The greatest elongation west is when Mercury is farthest from the Sun in the morning sky and its greatest elongation east is when the two bodies are farthest apart in the evening sky. The greatest elongation east (night sky) occurs on December 21, 2022. So the next few nights are a good time to look for Mercury after sunset.

You can check out tonight’s sky here.

In Roman mythology, most people today think of Mercury as the winged-foot god associated with speed. That is probably closer to the Greek god Hermes who is the equivalent of the Roman Mercury.

To the Romans, he was the god of financial gain, commerce, eloquence, messages, communication (including divination), travelers, boundaries, luck, trickery, and thieves. He was also the guide of souls to the underworld.

Thinking About Infinity. Check My Math.

I have been thinking about infinity.

I was never good at math in school but I have always been fascinated by numbers. Here is what I have been running through my thoughts. Check my math.

infinity + 1 = infinity, which makes it seem like that 1 is a zero – no effect.

What about infinity minus 1? It has to be less than infinity. Right? So, what is the answer?

infinity + infinity = infinity

But infinity – infinity = 0

Two things inspired this infinitely frustrating thought experiment. First, I watched the film A Trip to Infinity (on Netflix). This 2022 documentary explores the concept of infinity through interviews with mathematicians and physicists.

The second inspiration was the much lighter sitcom Young Sheldon. In a recent episode, the precocious and young genius Sheldon comes to doubt the existence of zero. He is tutoring his not-very-bright neighbor Billy in math. During the session, Billy naively asks how zero can simultaneously exist as something but be nothing. The question causes Sheldon to have a kind of existential crisis. He turns to the two professors he works with and they can’t really answer the question and have some mathematical doubts too. It’s not unlike the physicist and mathematicians in the infinity film who have answers about defining infinity but don’t really agree or even seem very confident.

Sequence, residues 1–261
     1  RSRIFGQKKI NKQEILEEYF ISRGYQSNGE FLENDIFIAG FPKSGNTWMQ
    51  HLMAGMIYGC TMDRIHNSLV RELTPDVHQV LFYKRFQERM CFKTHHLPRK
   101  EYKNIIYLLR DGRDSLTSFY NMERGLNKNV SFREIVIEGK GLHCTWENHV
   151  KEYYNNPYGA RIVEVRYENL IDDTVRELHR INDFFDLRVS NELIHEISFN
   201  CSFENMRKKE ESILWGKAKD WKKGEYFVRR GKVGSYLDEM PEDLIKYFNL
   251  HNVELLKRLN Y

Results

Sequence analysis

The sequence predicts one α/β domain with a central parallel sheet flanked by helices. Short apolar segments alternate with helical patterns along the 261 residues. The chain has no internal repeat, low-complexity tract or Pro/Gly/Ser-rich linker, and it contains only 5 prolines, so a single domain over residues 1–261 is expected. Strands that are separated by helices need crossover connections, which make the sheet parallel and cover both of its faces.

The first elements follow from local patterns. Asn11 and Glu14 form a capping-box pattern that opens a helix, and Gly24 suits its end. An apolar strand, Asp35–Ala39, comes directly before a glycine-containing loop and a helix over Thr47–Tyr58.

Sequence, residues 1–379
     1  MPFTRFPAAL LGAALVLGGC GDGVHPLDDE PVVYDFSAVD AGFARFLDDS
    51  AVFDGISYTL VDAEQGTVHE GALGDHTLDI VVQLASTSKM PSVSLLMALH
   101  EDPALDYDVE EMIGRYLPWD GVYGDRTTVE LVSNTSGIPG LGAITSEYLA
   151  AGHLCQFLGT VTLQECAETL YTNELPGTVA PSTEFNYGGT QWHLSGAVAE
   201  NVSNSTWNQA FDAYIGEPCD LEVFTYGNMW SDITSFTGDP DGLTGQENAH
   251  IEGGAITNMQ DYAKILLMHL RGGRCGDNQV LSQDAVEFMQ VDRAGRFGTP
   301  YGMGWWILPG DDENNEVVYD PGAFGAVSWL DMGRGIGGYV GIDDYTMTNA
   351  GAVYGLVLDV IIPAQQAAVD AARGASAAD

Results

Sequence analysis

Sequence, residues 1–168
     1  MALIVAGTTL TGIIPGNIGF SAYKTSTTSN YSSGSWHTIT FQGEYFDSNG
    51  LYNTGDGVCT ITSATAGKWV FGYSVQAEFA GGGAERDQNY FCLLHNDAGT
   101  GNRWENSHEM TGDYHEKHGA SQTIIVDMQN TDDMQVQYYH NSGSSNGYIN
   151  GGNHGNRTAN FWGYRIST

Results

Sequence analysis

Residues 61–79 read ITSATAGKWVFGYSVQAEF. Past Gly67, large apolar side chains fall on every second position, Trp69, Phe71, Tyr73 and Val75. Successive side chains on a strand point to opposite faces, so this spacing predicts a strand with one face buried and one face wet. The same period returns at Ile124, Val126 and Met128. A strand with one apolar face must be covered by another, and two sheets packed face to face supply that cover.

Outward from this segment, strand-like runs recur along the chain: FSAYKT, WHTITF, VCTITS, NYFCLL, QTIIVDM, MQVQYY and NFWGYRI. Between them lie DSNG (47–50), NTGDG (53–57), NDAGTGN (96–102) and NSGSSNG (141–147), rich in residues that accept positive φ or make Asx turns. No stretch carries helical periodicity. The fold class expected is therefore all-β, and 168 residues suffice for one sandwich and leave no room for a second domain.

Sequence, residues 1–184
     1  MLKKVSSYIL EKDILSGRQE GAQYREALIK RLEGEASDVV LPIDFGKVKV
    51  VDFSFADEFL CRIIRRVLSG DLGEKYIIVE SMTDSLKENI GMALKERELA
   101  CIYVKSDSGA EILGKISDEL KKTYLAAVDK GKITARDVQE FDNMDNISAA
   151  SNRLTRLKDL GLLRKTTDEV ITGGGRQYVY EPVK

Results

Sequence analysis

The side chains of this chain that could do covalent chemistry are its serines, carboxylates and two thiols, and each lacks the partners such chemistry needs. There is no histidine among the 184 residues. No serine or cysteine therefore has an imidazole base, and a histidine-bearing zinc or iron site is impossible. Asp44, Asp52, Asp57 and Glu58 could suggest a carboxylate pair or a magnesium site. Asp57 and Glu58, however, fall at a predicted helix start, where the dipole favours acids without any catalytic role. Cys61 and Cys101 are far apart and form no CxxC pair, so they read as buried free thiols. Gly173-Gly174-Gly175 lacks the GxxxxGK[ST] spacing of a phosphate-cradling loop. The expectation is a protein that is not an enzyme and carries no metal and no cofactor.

Sheldon rejects religion and God which is very important to his very Christian mother. Somewhat incongruously, when Sheldon talks with Billy again, Billy suggests they just pretend zero exists. Sheldon interprets this as an act of faith and that restores him.

It’s not that you can’t find a definition of “infinity.” It is that which is boundless, endless, or larger than any natural number. The ancient Greeks discussed the philosophical nature of infinity. In the 17th century, we get the infinity symbol and infinitesimal calculus. Working in the foundations of calculus, it was unclear whether infinity could be considered as a number or magnitude and, if so, how this could be done.

By the end of the 19th century, people were studying infinite sets and infinite numbers, and infinity was clearly a mathematical concept. In physics and cosmology, whether the Universe is infinite is still an open question.

There is a section of the film that I rewatched and it still doesn’t make sense. One physicist says that if you place an apple in a box it will decay into mush and then dust. Then, it becomes microscopic particles and then it becomes one with the universe. Whoa. Give it enough time, and it will become an apple again. What?

I think the connection between the film and the TV episode is the futility of wrestling with paradoxes. You probably will end up accepting that with all of our knowledge we will likely never explain or comprehend the greater existential realities of the universe.

Aristotle said that the more you know, the more you realize how much you don’t know. Not that we shouldn’t think about these things. Just don’t expect an answer.